Time to change the law that requires workers to pay union dues to support political causes, says Plant
The headline news this morning is that the BCTF plans to campaign to unseat the government in the next election. A timely opportunity to remind ourselves of the extraordinary advantage that unions in British Columbia enjoy when it comes to politics. Unlike any other organization in our society, a union can compel bargaining unit employees to contribute to support political causes.
That’s right. If you are an employee in a workplace that has been organized by a union, you are required by law to pay dues to the union, and the union is permitted by law to use those funds for political advocacy. To make donations to political parties, take out ads in support of political parties, all of it. This is not just the way the BCTF membership rules work; it’s the way the BC Labour Relations Code works.
So to put this in the context of today’s announcement, thousands of teachers who are members and supporters of the BC Liberal Party woke up today to discover that their union plans to require them to pay for a political campaign against the party and government they support.
In a word, that is outrageous.
It’s all the more troublesome when, as is the case here, we are talking about a public sector union, whose members are paid by tax dollars. That means the BCTF campaign against the BC Liberals will effectively be paid for by tax dollars. Your tax dollars. My tax dollars.
I am not aware of any other organization in society that gets this advantage. I am not arguing here against the compulsory payment of union dues for labour relations purposes. That’s a good issue for another day. I can at least understand the logic behind requiring all bargaining unit employees to pay dues to support the union that bargains on their behalf so that it can do the work of bargaining. But there is no valid labour relations purpose in requiring an employee to pay dues to a union so that it can launch a political campaign.
In my view, that’s a violation of one of our most fundamental and cherished freedoms – the right to decide for ourselves who we want to support politically.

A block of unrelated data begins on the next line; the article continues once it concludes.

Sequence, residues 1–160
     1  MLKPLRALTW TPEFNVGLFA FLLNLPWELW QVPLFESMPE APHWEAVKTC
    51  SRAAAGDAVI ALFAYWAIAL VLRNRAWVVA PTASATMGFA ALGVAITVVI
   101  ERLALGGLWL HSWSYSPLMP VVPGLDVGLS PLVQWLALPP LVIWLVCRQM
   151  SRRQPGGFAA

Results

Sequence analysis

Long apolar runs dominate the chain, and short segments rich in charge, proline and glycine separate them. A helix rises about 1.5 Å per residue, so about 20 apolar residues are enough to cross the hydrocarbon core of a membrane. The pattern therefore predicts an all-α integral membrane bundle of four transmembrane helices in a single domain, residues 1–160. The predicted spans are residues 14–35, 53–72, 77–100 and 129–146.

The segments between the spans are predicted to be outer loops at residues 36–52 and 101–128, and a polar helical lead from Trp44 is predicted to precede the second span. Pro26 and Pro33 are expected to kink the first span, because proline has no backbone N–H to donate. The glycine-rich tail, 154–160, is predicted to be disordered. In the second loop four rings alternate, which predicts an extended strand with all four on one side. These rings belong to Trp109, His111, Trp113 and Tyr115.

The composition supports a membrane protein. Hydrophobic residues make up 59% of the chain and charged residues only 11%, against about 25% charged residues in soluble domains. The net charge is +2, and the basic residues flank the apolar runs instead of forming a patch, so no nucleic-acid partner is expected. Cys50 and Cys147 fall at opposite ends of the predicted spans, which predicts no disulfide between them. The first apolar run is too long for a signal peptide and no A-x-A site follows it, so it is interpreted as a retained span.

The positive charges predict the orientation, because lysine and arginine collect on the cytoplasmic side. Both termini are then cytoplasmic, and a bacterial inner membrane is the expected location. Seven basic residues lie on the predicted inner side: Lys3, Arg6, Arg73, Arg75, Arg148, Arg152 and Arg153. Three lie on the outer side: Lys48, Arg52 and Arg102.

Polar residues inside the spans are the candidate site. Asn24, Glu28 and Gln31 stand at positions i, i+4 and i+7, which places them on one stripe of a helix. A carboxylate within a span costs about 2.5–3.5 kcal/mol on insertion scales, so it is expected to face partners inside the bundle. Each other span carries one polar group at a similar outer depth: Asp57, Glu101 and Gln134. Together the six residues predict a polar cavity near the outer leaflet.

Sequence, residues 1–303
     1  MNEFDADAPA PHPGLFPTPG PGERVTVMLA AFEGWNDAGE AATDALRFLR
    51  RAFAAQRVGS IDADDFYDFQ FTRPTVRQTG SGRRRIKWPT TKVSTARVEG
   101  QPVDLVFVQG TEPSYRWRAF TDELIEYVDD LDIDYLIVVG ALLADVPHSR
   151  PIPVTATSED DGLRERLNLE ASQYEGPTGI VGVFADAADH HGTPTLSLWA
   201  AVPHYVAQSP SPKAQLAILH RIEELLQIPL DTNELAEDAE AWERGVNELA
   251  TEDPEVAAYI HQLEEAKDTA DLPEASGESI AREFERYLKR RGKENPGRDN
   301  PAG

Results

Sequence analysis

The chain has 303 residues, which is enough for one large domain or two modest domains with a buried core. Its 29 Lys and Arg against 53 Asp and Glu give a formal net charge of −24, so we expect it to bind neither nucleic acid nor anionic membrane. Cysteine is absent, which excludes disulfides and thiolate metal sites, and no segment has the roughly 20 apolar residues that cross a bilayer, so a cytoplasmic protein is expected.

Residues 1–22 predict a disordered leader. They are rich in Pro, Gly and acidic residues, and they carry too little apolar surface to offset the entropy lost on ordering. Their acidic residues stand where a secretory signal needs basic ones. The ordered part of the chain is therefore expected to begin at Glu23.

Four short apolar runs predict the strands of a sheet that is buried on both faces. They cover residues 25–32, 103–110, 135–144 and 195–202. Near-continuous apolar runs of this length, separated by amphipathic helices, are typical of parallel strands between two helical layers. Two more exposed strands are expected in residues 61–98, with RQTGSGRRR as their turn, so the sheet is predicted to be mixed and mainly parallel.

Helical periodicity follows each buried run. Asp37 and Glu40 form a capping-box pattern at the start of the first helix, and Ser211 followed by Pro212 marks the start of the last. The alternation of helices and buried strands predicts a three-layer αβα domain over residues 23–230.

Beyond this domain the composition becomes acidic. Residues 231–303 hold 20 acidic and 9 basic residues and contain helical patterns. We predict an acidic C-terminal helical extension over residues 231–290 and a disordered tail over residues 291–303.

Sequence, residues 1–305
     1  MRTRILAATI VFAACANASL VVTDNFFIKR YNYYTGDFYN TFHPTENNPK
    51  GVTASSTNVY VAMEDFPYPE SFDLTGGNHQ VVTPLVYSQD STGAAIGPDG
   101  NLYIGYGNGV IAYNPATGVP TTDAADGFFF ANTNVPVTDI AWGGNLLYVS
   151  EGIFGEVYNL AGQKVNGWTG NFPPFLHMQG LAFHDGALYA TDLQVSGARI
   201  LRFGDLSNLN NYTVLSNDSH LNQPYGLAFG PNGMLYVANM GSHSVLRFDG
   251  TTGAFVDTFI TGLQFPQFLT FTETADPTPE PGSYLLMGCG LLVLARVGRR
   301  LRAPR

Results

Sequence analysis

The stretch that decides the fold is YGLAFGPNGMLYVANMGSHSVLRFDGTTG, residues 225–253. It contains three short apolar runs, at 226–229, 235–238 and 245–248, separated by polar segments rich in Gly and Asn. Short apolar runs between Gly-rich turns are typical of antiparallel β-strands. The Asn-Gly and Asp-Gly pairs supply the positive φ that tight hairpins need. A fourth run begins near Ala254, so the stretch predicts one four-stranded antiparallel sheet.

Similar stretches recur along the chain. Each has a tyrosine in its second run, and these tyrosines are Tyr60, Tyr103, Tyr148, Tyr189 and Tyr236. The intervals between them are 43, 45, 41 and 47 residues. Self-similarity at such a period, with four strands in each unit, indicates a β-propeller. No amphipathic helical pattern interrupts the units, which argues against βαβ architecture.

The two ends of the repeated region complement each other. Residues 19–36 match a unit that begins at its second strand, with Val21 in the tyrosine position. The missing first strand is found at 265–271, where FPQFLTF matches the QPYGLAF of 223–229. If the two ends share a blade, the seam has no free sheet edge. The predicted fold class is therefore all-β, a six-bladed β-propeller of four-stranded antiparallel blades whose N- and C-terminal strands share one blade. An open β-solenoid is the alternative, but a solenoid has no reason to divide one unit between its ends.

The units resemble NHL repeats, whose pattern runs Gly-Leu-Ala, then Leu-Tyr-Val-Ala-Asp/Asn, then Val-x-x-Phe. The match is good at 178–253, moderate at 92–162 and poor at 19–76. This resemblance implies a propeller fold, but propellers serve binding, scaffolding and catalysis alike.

I’m sorry to say that during my time in government we did nothing to remove this legal obligation. But luckily, there is a bill on the order papers of the BC Legislature right now that would do that very thing. It’s Bill M 210 – 2011, the Workers’ Dues Transparency and Rights Act. Introduced by John Rustad, the BC Liberal MLA for Nechako Lakes.
Here’s what it does. It amends the Labour Relations Code by requiring trade unions to establish a separate labour relations account for the purpose of collecting monies and paying for the core activities in support of their members. It defines those core activities broadly to include all labour relations activities, and then it provides that union dues can only be used for those activities.
Passing this act would protect the democratic rights of all workers to support whichever political party they want to – as an expression of their own choice, not the decision made in a union head office – without in any way compromising the ability of unions to represent the labour relations interests of its members. It strikes exactly the right balance. It is timely, and it is overdue for enactment.
Note to BC House Leader: why not call this bill for second reading debate when the House resumes on April 16?
To be clear, I am not opposed to political advocacy by the labour movement. If an organization that is not a union – say, the BC Federation of Labour – established a political action fund supported by voluntary contributions, that's not a problem. (I leave for another day whether we should embrace a more radical reform of political donations.) My objection is to the fact that unions are legally authorized to compel their members to contribute financially to political causes.
– post by Geoff Plant